By EILEEN NG / AP WRITER
KUALA LUMPUR — Malaysia's ruling party elected a new leader along with a fresh team of deputies packed with his allies, hoping they would rebuild the party's tattered reputation and fix an economy galloping toward recession.
Deputy Prime Minister Najib Razak—elected unopposed as president of the United Malays National Organization on Thursday—will also have to juggle competing interests in the party, curb infighting and mend his own image of a hard-liner tainted by corruption, analysts said Friday.
"Investors don't believe there is going to be much in the way of reform from Najib and his team," said Philip McNicholas, an economist with research firm IDEAglobal in Singapore. "He talks about reforms but he has to put his money where his mouth is."
In line with tradition, Najib as party president will also become the prime minister, a job he will inherit next week from the moderate Abdullah Ahmad Badawi, who spent a largely ineffective 5 1/2 years in office.
Najib's first political test will be three parliamentary by-elections on April 7.
The elections "will be seen as a poll of his popularity. Right now, the market is just discounting any sort of strong government" to push through reforms, said McNicholas, adding there was a "fair degree of political risks" for investors.
The Malaysian economy is heading for recession despite a US$16 billion stimulus package that Najib announced earlier this month. Malaysia's central bank said Wednesday it expects exports—the main pillar of the economy—will fall by a quarter this year.
Najib, 55, is expected to appoint his right-hand man, International Trade and Industry Minister Muhyiddin Yassin, who was elected as the party's deputy president in Thursday's elections, as the deputy prime minister.
Cabinet posts will also be given to three other allies, Ahmad Zahid Hamidi, Hishammuddin Hussein and Shafie Apdal who were elected as party vice presidents. Hishammuddin is Najib's cousin, and both are sons of two former prime ministers.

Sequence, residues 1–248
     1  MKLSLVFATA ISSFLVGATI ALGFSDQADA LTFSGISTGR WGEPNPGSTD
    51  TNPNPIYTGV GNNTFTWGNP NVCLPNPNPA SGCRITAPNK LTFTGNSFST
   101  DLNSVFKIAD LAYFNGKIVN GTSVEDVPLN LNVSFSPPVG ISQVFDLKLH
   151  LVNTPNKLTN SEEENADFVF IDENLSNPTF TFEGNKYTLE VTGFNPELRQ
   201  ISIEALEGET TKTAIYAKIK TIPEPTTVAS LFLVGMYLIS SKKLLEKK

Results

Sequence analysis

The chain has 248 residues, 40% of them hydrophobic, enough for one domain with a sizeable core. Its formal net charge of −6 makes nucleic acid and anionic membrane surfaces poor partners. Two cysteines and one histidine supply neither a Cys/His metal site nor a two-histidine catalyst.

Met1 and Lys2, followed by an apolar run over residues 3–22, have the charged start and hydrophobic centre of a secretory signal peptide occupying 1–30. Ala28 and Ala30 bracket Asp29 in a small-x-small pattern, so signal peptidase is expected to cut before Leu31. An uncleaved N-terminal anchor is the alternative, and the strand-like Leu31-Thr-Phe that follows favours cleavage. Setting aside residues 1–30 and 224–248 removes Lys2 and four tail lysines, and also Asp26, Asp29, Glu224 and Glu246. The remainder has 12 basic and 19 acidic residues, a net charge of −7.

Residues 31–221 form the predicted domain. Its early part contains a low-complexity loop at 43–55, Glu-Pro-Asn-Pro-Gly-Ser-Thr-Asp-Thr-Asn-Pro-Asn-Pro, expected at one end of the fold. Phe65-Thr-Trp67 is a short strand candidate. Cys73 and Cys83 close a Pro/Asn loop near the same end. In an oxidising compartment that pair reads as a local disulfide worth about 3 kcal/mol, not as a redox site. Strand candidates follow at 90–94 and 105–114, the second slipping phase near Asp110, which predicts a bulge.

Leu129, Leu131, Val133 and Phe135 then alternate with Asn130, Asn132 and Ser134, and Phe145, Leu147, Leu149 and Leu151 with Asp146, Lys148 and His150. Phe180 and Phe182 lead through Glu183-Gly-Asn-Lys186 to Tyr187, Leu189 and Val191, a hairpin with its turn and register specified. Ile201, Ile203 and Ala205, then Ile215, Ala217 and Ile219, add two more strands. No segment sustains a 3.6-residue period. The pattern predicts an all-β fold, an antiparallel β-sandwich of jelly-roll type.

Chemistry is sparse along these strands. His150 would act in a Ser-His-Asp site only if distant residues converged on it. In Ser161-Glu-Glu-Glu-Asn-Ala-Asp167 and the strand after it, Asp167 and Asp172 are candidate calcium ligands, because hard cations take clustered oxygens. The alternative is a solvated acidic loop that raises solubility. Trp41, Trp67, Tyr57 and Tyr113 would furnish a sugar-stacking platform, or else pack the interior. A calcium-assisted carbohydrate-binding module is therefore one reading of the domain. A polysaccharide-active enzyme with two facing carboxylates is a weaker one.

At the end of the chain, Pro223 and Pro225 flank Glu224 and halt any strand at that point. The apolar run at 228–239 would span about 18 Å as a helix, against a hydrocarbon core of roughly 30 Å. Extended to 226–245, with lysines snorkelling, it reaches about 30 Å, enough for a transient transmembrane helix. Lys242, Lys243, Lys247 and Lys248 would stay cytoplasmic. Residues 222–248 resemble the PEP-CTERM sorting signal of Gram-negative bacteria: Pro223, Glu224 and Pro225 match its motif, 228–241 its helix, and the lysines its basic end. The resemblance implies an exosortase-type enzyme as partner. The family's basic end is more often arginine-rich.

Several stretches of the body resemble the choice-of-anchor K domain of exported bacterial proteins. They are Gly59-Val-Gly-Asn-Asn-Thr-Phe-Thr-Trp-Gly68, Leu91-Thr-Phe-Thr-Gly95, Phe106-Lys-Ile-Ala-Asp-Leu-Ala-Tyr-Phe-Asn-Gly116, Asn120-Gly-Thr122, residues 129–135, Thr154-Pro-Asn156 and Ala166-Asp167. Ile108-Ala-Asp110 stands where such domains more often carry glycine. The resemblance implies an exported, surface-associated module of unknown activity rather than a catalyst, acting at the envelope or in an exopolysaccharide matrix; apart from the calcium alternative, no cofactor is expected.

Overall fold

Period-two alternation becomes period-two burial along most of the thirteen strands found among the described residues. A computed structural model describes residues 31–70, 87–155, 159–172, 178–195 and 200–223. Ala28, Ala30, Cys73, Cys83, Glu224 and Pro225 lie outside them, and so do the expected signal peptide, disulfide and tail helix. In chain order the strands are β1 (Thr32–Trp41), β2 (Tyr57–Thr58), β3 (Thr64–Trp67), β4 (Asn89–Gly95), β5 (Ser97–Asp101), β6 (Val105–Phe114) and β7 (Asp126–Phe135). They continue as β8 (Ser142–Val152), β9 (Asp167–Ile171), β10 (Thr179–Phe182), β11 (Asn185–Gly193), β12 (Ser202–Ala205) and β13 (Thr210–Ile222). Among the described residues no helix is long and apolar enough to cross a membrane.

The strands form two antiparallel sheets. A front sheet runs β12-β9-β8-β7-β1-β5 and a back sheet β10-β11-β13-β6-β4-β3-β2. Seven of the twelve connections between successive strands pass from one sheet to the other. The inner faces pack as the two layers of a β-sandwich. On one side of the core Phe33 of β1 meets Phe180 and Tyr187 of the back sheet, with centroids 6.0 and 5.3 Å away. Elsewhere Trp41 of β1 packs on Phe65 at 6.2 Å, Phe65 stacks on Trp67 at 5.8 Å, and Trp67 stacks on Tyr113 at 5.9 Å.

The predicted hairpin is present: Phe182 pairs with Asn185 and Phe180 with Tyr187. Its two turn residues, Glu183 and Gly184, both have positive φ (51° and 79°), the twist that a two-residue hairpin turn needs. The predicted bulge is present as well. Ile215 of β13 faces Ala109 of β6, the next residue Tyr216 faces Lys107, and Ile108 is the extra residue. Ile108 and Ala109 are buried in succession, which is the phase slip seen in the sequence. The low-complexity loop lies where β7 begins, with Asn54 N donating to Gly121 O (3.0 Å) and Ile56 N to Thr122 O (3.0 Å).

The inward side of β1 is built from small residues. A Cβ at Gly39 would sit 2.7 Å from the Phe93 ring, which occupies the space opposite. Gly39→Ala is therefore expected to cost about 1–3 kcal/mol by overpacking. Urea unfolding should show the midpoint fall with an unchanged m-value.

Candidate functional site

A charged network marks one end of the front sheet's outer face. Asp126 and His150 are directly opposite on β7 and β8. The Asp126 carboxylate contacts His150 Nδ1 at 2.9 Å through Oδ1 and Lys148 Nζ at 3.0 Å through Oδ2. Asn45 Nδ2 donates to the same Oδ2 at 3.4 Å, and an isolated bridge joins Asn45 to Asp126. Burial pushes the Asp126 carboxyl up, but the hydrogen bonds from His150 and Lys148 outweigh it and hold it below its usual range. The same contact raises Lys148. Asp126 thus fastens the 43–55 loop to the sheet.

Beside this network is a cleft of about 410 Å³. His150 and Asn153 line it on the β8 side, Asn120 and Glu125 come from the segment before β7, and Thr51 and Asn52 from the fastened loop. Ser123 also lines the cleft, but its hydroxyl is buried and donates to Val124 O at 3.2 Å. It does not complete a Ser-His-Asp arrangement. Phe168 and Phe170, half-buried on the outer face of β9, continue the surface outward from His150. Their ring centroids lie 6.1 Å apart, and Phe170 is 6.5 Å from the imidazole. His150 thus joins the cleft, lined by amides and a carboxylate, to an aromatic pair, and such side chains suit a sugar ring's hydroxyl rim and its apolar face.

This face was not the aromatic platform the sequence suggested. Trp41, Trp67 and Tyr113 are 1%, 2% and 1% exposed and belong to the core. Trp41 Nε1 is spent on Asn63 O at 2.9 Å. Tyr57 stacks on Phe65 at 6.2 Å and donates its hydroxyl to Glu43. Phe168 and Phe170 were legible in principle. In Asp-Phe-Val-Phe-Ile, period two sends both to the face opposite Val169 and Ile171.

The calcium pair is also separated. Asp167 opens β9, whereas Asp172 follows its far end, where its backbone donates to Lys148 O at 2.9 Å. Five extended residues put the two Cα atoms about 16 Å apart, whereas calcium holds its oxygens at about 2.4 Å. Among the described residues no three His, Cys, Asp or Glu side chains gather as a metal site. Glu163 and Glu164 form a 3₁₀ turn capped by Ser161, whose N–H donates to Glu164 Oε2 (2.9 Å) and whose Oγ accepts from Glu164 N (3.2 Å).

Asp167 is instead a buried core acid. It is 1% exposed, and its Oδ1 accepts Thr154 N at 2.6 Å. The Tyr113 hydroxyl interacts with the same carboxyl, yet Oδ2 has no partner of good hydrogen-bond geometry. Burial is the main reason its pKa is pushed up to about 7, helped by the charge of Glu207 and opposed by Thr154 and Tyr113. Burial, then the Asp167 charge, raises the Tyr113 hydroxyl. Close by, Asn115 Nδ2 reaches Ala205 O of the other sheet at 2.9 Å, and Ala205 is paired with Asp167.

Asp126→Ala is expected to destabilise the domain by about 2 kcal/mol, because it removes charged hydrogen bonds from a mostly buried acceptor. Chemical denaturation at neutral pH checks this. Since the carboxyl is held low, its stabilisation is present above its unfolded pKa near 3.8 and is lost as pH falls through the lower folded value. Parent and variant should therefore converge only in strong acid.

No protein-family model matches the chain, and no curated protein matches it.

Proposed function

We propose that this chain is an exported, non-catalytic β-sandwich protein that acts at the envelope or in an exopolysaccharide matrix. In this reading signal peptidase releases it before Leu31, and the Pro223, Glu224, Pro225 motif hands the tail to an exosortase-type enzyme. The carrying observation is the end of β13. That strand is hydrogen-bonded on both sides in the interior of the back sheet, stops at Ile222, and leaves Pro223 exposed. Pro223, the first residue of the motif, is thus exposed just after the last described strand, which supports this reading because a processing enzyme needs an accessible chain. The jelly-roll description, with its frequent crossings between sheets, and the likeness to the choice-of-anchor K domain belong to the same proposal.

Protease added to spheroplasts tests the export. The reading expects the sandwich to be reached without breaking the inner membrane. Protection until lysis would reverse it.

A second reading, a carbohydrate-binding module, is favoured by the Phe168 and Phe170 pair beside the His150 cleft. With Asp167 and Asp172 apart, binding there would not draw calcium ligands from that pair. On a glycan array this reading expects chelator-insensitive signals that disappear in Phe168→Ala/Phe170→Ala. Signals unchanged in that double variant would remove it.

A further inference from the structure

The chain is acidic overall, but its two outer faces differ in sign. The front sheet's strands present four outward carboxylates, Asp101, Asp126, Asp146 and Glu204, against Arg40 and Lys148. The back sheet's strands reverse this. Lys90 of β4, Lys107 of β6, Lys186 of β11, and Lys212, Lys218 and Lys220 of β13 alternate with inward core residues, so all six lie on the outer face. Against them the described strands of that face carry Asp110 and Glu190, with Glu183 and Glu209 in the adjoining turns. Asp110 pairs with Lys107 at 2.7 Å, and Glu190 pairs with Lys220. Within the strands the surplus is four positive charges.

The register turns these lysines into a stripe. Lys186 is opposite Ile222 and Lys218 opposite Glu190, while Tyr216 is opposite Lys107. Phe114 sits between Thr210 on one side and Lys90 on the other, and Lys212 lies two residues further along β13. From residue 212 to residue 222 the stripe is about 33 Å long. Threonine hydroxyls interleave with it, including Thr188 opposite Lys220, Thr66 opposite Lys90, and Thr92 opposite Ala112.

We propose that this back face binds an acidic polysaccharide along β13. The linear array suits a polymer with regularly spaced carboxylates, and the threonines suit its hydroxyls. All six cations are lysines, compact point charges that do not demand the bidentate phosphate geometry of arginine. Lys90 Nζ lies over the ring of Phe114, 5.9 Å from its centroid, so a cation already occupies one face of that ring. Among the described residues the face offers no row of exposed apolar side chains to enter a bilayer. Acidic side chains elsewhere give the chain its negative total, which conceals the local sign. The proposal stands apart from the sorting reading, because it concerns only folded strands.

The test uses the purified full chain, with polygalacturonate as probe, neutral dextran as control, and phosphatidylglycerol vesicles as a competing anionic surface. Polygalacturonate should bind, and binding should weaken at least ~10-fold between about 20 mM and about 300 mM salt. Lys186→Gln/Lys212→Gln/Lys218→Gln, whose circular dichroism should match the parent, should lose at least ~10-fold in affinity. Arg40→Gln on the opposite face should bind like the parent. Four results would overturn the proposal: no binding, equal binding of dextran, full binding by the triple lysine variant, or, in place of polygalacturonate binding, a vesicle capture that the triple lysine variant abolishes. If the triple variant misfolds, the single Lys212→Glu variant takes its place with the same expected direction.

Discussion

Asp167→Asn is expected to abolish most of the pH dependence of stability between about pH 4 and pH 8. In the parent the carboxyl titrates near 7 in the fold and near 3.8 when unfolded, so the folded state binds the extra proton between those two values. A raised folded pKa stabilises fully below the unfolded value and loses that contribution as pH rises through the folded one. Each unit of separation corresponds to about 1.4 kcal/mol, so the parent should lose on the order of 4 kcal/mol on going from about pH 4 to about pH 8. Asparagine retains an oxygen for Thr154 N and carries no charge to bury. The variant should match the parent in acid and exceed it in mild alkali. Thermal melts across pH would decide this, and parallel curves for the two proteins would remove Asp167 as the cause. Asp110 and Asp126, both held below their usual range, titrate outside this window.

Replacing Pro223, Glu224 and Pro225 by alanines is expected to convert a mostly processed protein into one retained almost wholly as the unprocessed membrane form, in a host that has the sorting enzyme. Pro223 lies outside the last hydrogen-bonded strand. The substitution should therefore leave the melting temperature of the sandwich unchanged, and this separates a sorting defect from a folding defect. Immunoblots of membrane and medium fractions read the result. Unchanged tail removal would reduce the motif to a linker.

The party election virtually purged the top leadership of politicians aligned to Abdullah, except for his son-in-law Khairy Jamaulddin, who was elected head of the party's youth wing. The position normally carries with it a Cabinet ministerial post.
Najib is also saddled with criticism that he will crack down on the opposition and dissent. In recent days, the government shut down two opposition newspapers, and police used tear gas to break up a rally by opposition leader Anwar Ibrahim.
But analysts say such concerns may be premature.
"It's unfair to prejudge him," said Ramon Navaratnam, chairman of the Center of Public Policy Center think tank in Kuala Lumpur. "Now that Najib is firmly in the saddle, he is in a position now to remove these uncertainties."
He said Najib will also have to show that he is not only the leader of the majority Malays but also of the Chinese and Indian minorities.
UMNO, a party of Malays, is the largest component in the National Front coalition that has ruled Malaysia since 1957. But for the first time in 40 years, the Front failed to get a two-thirds majority in Parliament and ceded control of five of Malaysia's 13 states to the opposition in March 2008 elections.
Many Malaysians see UMNO as a party of corrupt and power-hungry politicians. The party is also accused of subverting the judiciary, the police force, the bureaucracy and discriminating against the Chinese and Indian minorities.
The suave and articulate Najib has also been accused of corruption, including an alleged shady deal to purchase French submarines when he was defense minister. Najib denies the allegations.